A colonoscopy is an outpatient procedure in which the inside of the large intestine (colon and rectum) is examined. A colonoscopy is commonly used to evaluate gastrointestinal symptoms, such as rectal and intestinal bleeding, abdominal pain, or changes in bowel habits. Colonoscopies are also performed in individuals without symptoms to check for colorectal polyps or cancer. A screening colonoscopy is recommended for anyone 50 years of age and older, and for anyone with parents, siblings, or children with a history of colorectal cancer or polyps.
What happens before a colonoscopy?
To have a successful colonoscopy, your bowel must be empty so that your doctor can clearly view the colon. It is very important that you read and follow all of the instructions given to you for your bowel preparation well in advance of the procedure. If your bowel is not empty, your colonoscopy will not be successful and may have to be repeated.
To empty your bowel, you will drink a bowel prep solution. Here are some tips for handling possible nausea/vomiting and for reducing skin irritation around the anus.
To reduce nausea or vomiting. If you feel nauseated or vomit while taking the bowel preparation, wait 30 minutes before drinking more fluid and start with small sips of solution. Some activity (such as walking) or a few soda crackers may help decrease the nausea you are feeling. If the nausea persists, call your doctor.
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To prevent skin irritation. You may experience skin irritation around the anus due to the passage of liquid stools. To prevent and treat skin irritation, you should:
- Apply vaseline or Desitin® ointment to the skin around the anus before drinking the bowel preparation medications. These products can be purchased at any drug store.
- Wipe the skin after each bowel movement with disposable wet wipes instead of toilet paper. These are found in the toilet paper area of the store.
- Sit in a bathtub filled with warm water for 10 to 15 minutes after you finish passing a stool. After soaking, blot the skin dry with a soft cloth. Then apply vaseline or Desitin® ointment to the anal area, and place a cotton ball just outside your anus to absorb leaking fluid.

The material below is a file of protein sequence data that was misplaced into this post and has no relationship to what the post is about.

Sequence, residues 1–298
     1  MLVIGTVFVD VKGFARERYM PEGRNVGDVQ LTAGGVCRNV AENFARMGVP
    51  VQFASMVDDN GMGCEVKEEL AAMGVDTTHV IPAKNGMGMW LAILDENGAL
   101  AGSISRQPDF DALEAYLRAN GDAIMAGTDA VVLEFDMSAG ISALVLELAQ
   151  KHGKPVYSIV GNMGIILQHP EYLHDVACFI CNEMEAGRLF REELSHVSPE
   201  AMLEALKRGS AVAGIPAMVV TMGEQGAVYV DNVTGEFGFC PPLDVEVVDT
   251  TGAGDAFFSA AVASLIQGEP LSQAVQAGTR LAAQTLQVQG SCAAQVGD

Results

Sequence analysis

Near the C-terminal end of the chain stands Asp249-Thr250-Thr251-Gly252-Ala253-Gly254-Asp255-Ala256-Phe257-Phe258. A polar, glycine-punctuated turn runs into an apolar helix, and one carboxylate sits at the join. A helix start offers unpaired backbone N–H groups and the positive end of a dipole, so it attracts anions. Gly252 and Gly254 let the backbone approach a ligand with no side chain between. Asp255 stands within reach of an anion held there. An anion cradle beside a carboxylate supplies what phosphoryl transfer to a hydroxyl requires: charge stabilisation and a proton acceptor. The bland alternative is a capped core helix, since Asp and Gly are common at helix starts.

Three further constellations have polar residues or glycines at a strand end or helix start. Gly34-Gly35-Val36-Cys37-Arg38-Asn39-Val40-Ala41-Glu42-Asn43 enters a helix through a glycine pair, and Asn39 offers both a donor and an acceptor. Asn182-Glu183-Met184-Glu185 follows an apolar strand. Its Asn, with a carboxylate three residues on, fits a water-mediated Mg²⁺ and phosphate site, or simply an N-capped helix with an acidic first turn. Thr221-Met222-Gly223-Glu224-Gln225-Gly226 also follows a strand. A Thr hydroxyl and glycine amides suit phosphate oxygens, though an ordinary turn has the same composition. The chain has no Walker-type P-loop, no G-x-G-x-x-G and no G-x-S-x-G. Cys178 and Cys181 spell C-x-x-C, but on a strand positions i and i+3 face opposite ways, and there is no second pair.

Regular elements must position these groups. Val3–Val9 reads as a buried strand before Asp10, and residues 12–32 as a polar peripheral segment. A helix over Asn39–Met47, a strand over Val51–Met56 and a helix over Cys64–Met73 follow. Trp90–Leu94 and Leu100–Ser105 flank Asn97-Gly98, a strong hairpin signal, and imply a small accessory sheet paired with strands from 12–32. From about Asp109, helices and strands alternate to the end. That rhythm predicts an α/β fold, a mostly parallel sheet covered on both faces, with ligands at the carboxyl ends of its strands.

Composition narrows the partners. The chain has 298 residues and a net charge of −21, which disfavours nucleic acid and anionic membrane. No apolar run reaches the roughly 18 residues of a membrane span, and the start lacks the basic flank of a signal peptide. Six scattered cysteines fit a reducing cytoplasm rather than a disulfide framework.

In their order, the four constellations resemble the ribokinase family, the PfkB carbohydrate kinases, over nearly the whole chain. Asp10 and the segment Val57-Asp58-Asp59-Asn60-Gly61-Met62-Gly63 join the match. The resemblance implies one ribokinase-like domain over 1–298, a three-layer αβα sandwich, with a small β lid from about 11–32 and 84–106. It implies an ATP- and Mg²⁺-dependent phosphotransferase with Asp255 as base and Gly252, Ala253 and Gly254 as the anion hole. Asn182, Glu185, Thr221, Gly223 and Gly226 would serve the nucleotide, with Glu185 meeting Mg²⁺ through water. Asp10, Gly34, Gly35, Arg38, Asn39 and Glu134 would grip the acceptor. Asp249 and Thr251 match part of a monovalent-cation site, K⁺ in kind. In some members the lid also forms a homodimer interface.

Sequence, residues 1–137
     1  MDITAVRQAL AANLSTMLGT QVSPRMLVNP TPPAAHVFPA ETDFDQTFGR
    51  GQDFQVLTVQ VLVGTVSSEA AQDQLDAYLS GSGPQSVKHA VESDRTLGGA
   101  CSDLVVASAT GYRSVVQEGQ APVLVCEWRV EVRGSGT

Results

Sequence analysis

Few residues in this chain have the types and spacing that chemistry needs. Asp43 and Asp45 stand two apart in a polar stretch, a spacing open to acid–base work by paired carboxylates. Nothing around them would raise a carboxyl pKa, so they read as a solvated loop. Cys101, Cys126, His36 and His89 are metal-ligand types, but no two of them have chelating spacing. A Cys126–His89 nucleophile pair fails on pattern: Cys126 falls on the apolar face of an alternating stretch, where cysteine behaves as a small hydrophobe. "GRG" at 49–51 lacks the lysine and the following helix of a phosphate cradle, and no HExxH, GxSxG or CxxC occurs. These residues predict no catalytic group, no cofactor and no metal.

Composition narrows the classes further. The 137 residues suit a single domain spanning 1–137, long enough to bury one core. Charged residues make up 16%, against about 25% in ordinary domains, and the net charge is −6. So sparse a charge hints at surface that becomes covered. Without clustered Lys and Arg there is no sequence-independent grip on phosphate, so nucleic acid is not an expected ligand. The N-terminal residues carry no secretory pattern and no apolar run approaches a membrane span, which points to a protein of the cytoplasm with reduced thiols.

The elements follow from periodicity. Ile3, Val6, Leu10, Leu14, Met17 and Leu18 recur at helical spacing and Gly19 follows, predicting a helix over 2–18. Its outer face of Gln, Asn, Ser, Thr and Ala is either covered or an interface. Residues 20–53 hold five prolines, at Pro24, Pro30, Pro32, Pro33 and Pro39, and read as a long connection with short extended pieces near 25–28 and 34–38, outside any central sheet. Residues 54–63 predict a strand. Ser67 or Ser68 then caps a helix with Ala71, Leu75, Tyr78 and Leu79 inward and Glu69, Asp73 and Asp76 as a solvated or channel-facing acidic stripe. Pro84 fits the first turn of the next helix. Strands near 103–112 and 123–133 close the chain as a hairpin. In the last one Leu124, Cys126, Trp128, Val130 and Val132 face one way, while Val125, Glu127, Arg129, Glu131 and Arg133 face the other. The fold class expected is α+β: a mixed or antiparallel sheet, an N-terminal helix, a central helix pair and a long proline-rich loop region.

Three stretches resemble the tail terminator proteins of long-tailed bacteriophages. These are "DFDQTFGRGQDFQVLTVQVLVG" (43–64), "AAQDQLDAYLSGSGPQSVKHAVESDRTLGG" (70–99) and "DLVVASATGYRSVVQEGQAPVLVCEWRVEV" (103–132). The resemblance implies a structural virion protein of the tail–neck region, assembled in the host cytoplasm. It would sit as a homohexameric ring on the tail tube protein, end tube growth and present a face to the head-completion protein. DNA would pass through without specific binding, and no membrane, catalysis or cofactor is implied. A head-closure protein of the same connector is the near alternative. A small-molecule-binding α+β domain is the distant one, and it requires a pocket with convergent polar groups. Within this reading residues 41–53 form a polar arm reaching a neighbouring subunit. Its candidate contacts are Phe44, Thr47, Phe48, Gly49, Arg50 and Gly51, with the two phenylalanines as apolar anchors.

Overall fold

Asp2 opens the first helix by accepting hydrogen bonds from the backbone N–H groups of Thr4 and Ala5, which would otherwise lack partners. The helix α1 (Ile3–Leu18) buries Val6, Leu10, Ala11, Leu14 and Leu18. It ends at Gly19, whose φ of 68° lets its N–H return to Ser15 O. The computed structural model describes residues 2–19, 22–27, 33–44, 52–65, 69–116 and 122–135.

What happens during a colonoscopy
During a colonoscopy, an experienced doctor uses a colonoscope (a long, flexible instrument about 1/2 inch in diameter) to view the lining of the colon. The colonoscope is inserted into the rectum and advanced through the large intestine. If necessary during a colonoscopy, small amounts of tissue can be removed for analysis (a biopsy) and polyps can be identified and entirely removed. In many cases, a colonoscopy allows accurate diagnosis and treatment of colorectal problems without the need for a major operation.
How much time is needed to perform a colonoscopy?
The procedure typically lasts from 30 minutes to 1 hour.
What should I expect after a colonoscopy?
- You may feel some cramping or a sensation of having gas, but this quickly passes.
- If a biopsy was taken or a polyp was removed, you may notice light rectal bleeding for one to two days after the procedure. If you have a large amount of rectal bleeding, high or persistent fevers, or severe abdominal pain within the next 2 weeks, go to your local emergency room and call the doctor who performed your exam.
- If polyps were removed or a biopsy was taken, the doctor performing your colonoscopy will tell you when it is safe to resume taking your blood thinners.
Note: To follow are other important questions to ask your doctor. Keep in mind that each doctor and/or his or her health care facility has their own unique set of instructions for their patients. Most doctors/health care facilities are in general agreement with the following answers. However, ALWAYS ask your doctor for his/her specific instructions.
Driving home. If sedation has been given, a responsible adult (a family member or friend) must drive you home.
Being alone when home. For safety reasons, you probably shouldn’t be alone. Ask your doctor how long you should remain with family or friends.
Returning to normal diet and activities. Unless otherwise instructed, most patients can return to their normal diet immediately following the colonoscopy. Other typical advice is to avoid alcohol, driving, regular activities, and operating machinery for 24 hours following the procedure.
Know what type of sedation your physician ordered: General Anesthesia versus Conscious Sedation.
General Anesthesia is managed by an anesthesiologist or Certified Registered Nurse Anesthetists (CRNA) and is performed on main campus in Q3 only.
Conscious Sedation is managed by the physician performing your procedure and is performed on main campus and Cleveland Clinic Health System regional facilities.
- American College of Gastroenterology. Colonoscopy Accessed 1/20/2015.
- The National Institute of Diabetes and Digestive and Kidney Diseases. Colonoscopy Accessed 1/20/2015.
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This information is provided by the Cleveland Clinic and is not intended to replace the medical advice of your doctor or health care provider. Please consult your health care provider for advice about a specific medical condition. This document was last reviewed on: 1/20/2015...#4949